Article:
We observe many gaps in vertical offerings for cloud apps in industries like education and healthcare and gaps in long tail business apps at enterprises and SMEs. This may be one of the most fertile areas for entrepreneurs for the coming decade. A promising combination to rapidly bring products to market would be the combination of a Platform-as-a-Service (Paas) and a vertical/long tail app to address specific pain points.

10. IO-Intensive Apps

IO-intensive applications (be they digital media, medical research, or some HPC apps) cannot move to the public cloud yet. We view this also as an opportunity for this decade. Couple that with the broader trends of mobile and social apps, and we can certainly expect to see interesting changes in both prosumer and consumer behavior.

Please free to add your thoughts and observations. We will be happy to talk about them. Especially those 1M/1M entrepreneurs addressing these trends – we very much look forward to hearing your thoughts.

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Few comments –

1. On #6 – is Cloud ERP that much lagging? Dennis Gaughan of Gartner Research recently published an article entitled – Will Core ERP Move to the Cloud? (

It seems like – discussions about Cloud ERP are happening –
– First, many are interested.
– Second, people are thinking beyond the standard pricing and security issues.
– Third, people are thinking creatively about how to benefit from the technology.

Regarding adoption – I guess Microsoft Dynamics ERP SaaS is one example of online accounting.

2. Would you comment further on enabling of public/private/hybrid cloud interoperability? What about projects like openstack in this context?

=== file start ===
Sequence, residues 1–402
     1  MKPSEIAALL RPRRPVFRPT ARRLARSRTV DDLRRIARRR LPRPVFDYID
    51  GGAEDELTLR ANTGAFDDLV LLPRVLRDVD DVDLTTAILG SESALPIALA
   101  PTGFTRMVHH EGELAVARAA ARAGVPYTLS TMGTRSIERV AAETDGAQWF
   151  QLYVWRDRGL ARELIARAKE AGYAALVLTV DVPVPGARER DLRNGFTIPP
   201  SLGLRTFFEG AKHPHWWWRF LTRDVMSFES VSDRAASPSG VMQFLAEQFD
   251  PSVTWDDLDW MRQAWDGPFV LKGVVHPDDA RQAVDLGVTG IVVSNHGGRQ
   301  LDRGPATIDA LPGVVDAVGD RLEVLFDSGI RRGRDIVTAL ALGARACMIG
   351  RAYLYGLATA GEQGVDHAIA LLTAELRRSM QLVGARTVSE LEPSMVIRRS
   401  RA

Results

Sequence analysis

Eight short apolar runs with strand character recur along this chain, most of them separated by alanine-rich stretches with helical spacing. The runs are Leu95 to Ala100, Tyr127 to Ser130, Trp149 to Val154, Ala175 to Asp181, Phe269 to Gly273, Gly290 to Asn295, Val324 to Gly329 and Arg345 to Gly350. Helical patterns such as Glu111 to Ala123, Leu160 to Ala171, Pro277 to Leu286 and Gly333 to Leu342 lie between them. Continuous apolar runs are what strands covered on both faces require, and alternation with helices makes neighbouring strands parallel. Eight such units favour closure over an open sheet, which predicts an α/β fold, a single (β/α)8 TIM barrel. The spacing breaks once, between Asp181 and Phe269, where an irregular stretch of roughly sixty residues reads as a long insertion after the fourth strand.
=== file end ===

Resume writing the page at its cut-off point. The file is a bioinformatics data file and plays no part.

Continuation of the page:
3. Could you pls. elaborate on the analytics part (#8)?

Rajarshi Chaudhuri Monday, December 27, 2010 at 10:27 AM PT

Well, there seems to be no real driver or urgency behind cloud ERP adoption in cases where enterprises have made significant investment in a legacy ERP system. Where there is a natural change – like moving upstream from Quickbooks to a more sophisticated system, for example, people are considering cloud ERP. But not gratuitously.

Public/Private/Hybrid cloud interoperability issues are not quite sorted out yet. I would leave this as a TBD area for the time being. No real standards apparent yet. We will keep probing as we interview further in 2011.

Analytics – I suggest you read the IBM interviews to get a more detailed perspective.

sramana Monday, December 27, 2010 at 11:59 AM PT

On #9 – I totally agree that there are verticals/long tails appls that constitute an opportunity.
Yet, how would you market profitably a "specific pain point" application ?
How to make a niche app reach the point where (ARPU) revenue per user exceeds market spend per new user ?

aparmegg Tuesday, December 28, 2010 at 12:13 AM PT

You market through cost effective mechanisms like SEO, PPC, and Tele-websales. Definitely not direct field sales forces.

sramana Tuesday, December 28, 2010 at 9:37 AM PT

regarding #3, I don't completely agree. This topic should be separated into 2 separate trends:
1) Private Cloud Adoption of large enterprises – whereby enterprises are renting more IT on demand from outsourcers and managed hosting providers, with a trend to more standardization, automation and less customized solutions.
2) Public/shared (not private) Cloud adoption of SME's. -> This is a pretty unknown area by many thought leaders for cloud computing. Existing ISP's and especially HSP's ((web)hosting service providers) that traditionally hosted HUGE customer bases for just email, presence and virtual computing instances for SME's and that move now more and more into offering the complete IT-stack for SME's, fully managed – but fully automated and more and more commoditized.

Lukas Hertig Monday, January 3, 2011 at 4:00 AM PT

Public/Shared cloud adoption in SMEs is not news. I maintain, that we're stunned to hear that there is actually private cloud adoption going on in the SMEs.

sramana Monday, January 3, 2011 at 10:12 AM PT